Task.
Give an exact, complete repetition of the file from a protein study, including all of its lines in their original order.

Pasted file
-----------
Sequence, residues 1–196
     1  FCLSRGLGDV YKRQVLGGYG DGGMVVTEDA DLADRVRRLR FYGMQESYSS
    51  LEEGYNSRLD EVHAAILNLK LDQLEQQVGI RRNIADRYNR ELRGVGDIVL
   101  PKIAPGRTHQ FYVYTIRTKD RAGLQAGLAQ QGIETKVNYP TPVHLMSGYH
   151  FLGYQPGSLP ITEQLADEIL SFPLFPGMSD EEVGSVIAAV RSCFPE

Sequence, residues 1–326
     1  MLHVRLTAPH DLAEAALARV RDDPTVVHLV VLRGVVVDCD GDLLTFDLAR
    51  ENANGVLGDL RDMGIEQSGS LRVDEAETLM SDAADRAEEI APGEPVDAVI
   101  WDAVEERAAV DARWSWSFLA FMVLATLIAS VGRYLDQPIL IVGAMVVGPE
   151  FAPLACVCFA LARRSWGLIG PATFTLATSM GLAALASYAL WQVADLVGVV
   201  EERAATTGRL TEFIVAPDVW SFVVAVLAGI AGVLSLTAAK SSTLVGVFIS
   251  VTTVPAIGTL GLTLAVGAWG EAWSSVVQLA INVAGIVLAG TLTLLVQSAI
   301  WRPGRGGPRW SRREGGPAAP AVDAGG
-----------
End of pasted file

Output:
Sequence, residues 1–196
     1  FCLSRGLGDV YKRQVLGGYG DGGMVVTEDA DLADRVRRLR FYGMQESYSS
    51  LEEGYNSRLD EVHAAILNLK LDQLEQQVGI RRNIADRYNR ELRGVGDIVL
   101  PKIAPGRTHQ FYVYTIRTKD RAGLQAGLAQ QGIETKVNYP TPVHLMSGYH
   151  FLGYQPGSLP ITEQLADEIL SFPLFPGMSD EEVGSVIAAV RSCFPE

Sequence, residues 1–326
     1  MLHVRLTAPH DLAEAALARV RDDPTVVHLV VLRGVVVDCD GDLLTFDLAR
    51  ENANGVLGDL RDMGIEQSGS LRVDEAETLM SDAADRAEEI APGEPVDAVI
   101  WDAVEERAAV DARWSWSFLA FMVLATLIAS VGRYLDQPIL IVGAMVVGPE
   151  FAPLACVCFA LARRSWGLIG PATFTLATSM GLAALASYAL WQVADLVGVV
   201  EERAATTGRL TEFIVAPDVW SFVVAVLAGI AGVLSLTAAK SSTLVGVFIS
   251  VTTVPAIGTL GLTLAVGAWG EAWSSVVQLA INVAGIVLAG TLTLLVQSAI
   301  WRPGRGGPRW SRREGGPAAP AVDAGG